China faces an increase in extremist threats in central Asia, US panel is told

14-May-2022 Intellasia | South China Morning Post | 5:02 AM Print This Post

Suicide bombings in Afghanistan and Pakistan underscore a rising threat that China faces from extremists in central Asia since the US left the region last year, the leading US advisory panel on China policy was told on Thursday.

Witnesses told the US-China Economic and Security Review Commission (USCC) that instead of a chance for China to fill a power vacuum left after the chaotic US withdrawal from Afghanistan, the animosity that extremists and separatists are directing at China has increased.

Chinese Foreign Minister Wang Yi (right) meets with Mullah Abdul Ghani Baradar, the acting deputy prime minister of the Afghan Taliban’s government, in Kabul on March 24. A US advisory panel on China was told on Thursday that despite Beijing’s ambitions to boost its regional influence, it has confronted rising resistance from extremists. (Xinhua via AP)

Chinese Foreign Minister Wang Yi (right) meets with Mullah Abdul Ghani Baradar, the acting deputy prime minister of the Afghan Taliban’s government, in Kabul on March 24. A US advisory panel on China was told on Thursday that despite Beijing’s ambitions to boost its regional influence, it has confronted rising resistance from extremists. (Xinhua via AP)

Raffaello Pantucci, a senior fellow at Singapore’s S. Rajaratnam School of International Studies, said that the Islamic State Khorasan (Isis-K) had identified the perpetrator of the suicide bomb attack on worshippers in a mosque in the Afghan city of Kunduz in October as a Uygur.

The Isis affiliate “was taking note of Chinese support for its enemy the Taliban” and should be seen as “a big red flag”, Pantucci said.

US policymakers are paying more attention to the growth of China’s geopolitical influence through programmes like the Belt and Road Initiative (BRI) which includes the China-Pakistan Economic Corridor (CPEC) as Washington’s relationship with Beijing has frayed on multiple fronts.

The USCC has convened hearings into other areas of concern, including how to deter mainland China’s military from invading Taiwan and countering Chinese cyber espionage and cyberwarfare capabilities.

However, violence directed at Chinese nationals shows that Beijing’s strategy of engaging with any government seeking infrastructure investment did little to engender trust in the region and may be backfiring, witnesses said.

“Hedging towards Afghanistan has been China’s policy basically, for the past decade,” Pantucci said. “China essentially chose to engage with Afghanistan on every particular front. That was with the United States, it was with regional partners, it was through multilateral institutions like the [Shanghai Cooperation Organisation] or other mini lateral ones they created around Afghanistan, as well as with opposing factions.”

Pantucci and Muhammad Tayyab Safdar, a University of Virginia postdoctoral researcher, pointed to last month’s deadly attack against a Confucius Institute in Karachi, Pakistan, as further evidence of rising anger against Chinese investment in the region.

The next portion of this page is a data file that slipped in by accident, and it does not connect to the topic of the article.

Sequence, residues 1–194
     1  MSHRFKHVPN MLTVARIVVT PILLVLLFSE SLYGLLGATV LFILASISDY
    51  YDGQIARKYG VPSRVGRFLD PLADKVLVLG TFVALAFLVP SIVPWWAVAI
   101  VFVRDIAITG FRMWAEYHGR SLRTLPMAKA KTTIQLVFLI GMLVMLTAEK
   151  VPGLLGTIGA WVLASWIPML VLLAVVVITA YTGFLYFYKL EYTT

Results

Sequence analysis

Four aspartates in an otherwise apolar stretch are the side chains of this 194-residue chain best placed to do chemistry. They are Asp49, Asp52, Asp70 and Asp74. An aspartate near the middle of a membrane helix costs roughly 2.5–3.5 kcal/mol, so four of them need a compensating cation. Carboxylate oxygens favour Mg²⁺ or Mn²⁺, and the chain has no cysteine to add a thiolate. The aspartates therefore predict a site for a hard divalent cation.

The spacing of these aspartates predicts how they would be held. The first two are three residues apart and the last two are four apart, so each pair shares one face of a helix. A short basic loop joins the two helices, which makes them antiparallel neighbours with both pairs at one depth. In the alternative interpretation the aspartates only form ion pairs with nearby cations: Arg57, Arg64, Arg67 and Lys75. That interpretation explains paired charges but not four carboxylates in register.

CPEC, which was established in 2015, tripled the number of Chinese workers in Pakistan to a peak of 60,000 in 2018.

Responsibility for the attack that killed three Chinese citizens and their Pakistani driver was claimed by the Majeed Brigade, the suicide squad of the Baloch Liberation Army an ethnic Baloch separatist group behind other recent attacks on Chinese nationals working in Pakistan.

“It used to be the Uygur militants that tended to be responsible for attacks on Chinese diplomats or Chinese businesspeople in Kyrgysstan,” Pantucci added. “Increasingly we see Kyrgys in general being quite angry towards the Chinese… and we can see similar narratives in Kazakhstan.”

Still, anger against Chinese does not mean that Americans are welcome, Jennifer Brick Murtazashvili, founding director at the University of Pittsburgh’s Centre for Governance and Markets, said.

“The US lost so much credibility because of the way it left Afghanistan,” she said. “Regardless of how you may feel about the intervention, regardless of how you may feel about the withdrawal of decision to withdraw the way the US left, I think it left a very bitter taste in the mouth of many people in the region.”

Murtazashvili argued that the only way for the US to wield more influence in central Asia would be to work multilaterally, supporting initiatives that have broad regional support, and thus helping nations there develop independent foreign policies.

“The US strategy of isolating the Taliban with sanctions and punishing them to specific outcomes does not seem to be working,” she said.

“With a distracted Russia and the de-Americanisation of the region, countries in the region have greater agency than at any time in recent history,” Murtazashvili added.

“The US should diversify its tool kit and identify… solutions that go beyond Taliban conditionality and sanctions to one that incentivise countries in the region to find ways to cooperate over economic region.”

https://www.scmp.com/news/china/diplomacy/article/3177557/china-faces-increase-extremist-threats-central-asia-us-panel

 

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